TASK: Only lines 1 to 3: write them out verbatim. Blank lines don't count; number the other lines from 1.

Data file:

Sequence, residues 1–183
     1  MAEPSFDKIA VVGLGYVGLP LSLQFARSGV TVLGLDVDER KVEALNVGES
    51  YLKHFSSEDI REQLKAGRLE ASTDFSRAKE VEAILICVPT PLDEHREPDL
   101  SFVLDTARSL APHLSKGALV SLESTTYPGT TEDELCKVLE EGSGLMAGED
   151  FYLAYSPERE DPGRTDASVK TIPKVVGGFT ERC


Sequence, residues 1–183
     1  MAEPSFDKIA VVGLGYVGLP LSLQFARSGV TVLGLDVDER KVEALNVGES
    51  YLKHFSSEDI REQLKAGRLE ASTDFSRAKE VEAILICVPT PLDEHREPDL